After the bizarre turn of events involving the Philadelphia Eagles and the White House-trip-that-wasn’t, it’s only fitting that the city turns its attention to the resolution of the Bryan Colangelo “Woodergate” scandal.
In the early hours of Wednesday morning, ESPN’s Adrian Wojnarowski reported that the 76ers’ owners convened in New York to discuss the fate of their president of basketball operations. According to Wojnarowksi, the decision to terminate or retain Colangelo could be announced today.
Thanks to the relentless sleuthing of various internet detectives, including Crossing Broad’s own Kyle Scott, it has become painfully clear that the man behind the curtain of the various Colangelo-linked Twitter burner accounts first investigated by The Ringer’s Ben Detrick is actually a woman: Barbara Bottini, the wife of the embattled Sixers executive.
Wojnarowski’s deeply-sourced reporting has corroborated the evidence gathered on social media; he asserted that the law firm that the 76ers hired to investigate the issue has interviewed Colangelo and Bottini during their own information-gathering process.
Given the deep embarrassment that this entire situation has caused the franchise, it appears imminent that Colangelo will be handed his walking papers.
There is simply too much at stake for the 76ers, who have only recently emerged from a painful rebuilding process that saw the team become something of a laughingstock. Armed with a talented, playoff-tested core, a lottery selection, and the cap space needed to reel in a prime free agent, now was not the time for the Sixers to once again become the butt of the joke. But the indiscretions of the Colangelo camp have eroded much of the hard-earned credibility the 76ers regained with their 52-win regular season campaign.
There’s no use contemplating the instability a Colangelo dismissal would cause in light of the earthquake generated by The Ringer’s feature on the burner accounts. The damage is already done. Colangelo’s inability to secure privileged information has not just made him expendable; it has endangered whatever offseason plan the Sixers front office has created.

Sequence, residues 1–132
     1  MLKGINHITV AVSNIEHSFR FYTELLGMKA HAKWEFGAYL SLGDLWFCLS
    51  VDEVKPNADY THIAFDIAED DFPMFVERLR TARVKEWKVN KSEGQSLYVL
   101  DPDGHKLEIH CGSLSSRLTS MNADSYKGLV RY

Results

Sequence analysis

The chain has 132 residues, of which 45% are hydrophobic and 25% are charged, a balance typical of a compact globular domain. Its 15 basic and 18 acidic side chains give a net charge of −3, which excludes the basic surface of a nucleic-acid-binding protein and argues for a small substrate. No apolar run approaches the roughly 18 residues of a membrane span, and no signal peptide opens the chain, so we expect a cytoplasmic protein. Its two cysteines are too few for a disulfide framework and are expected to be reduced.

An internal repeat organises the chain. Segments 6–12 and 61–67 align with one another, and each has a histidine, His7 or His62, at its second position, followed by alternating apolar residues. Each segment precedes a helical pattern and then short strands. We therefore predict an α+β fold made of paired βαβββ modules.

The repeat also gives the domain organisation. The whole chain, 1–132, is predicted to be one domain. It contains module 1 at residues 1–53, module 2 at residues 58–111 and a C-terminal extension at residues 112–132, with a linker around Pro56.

Going forward, the Sixers’ ownership group should maintain continuity throughout the draft process and free agency. Quickly hiring a new general manager from outside the existing front office structure would only add to the turbulence. The answer is to promote from within, at least temporarily. Wojnarowksi’s report floated the names of assistant general managers Marc Eversley and Ned Cohen as two possible candidates who could shepherd the organization through this critical period.
The directive for Eversley and Cohen should be simple- execute the plan in place. Do not panic. And, above all, trust the process.
What the organization needs now is not an architect, but a steward. The foundation is already set with Joel Embiid and Ben Simmons. Markelle Fultz will improve, adding another ballhandler to a dynamic offense. The supporting cast, led by Dario Saric and Robert Covington, is littered with players primed to take advantage of the space that Embiid and Simmons create on the floor. In short, the 76ers are a team that is primed to take the step over the line from development to contention.
The three-year extension the 76ers executed with Brett Brown enables the franchise to offer a prospective free agent or trade target an on-the-court stability that hopefully papers over the off-the-court drama.
At the moment, the 76ers are only contractually committed to 7 players beyond next season: Simmons, Embiid, Fultz, Saric, Covington, Furkan Korkmaz, and Timothe Luwawu-Cabarrot. It’s precisely the sort of salary cap situation that should entice a superstar free agent and, when the time arises, a proven general manager.
Frankly, the only obstacle that could impede the 76ers’ progress is an ownership group too fearful to realize that the decision before them has already been made by Colangelo. The fans who have bought into the “Process” philosophy have been conditioned to look to the future instead of dwelling on the past and the present. Josh Harris and his associates would be betraying the vision they implemented, beginning with the hire of Sam Hinkie, if they decided to keep Colangelo in the fold.
Colangelo’s reputation, at least in the short term, has been shredded. How can he be trusted after the cavalier way he handled privileged information about the players on his roster? Will he be able to repair the damage to his relationships with Embiid, Fultz, and their people? Will he be taken seriously by prospective free agents and their representatives, or will he be viewed as a diminished executive whose long-term future is in doubt?
If the 76ers were in the beginning stages of their rebuilding campaign, Woodergate might be a survivable offense. However, given the current state of affairs and the pivotal offseason period the organization is entering, there is no other option. If Sam Hinkie was not important enough to survive the progress demanded by “The Process,” then neither is Colangelo.
Harris and his cohort have dithered long enough. It’s time to part ways with Bryan Colangelo. Nothing less than the future welfare of the organization depends on it.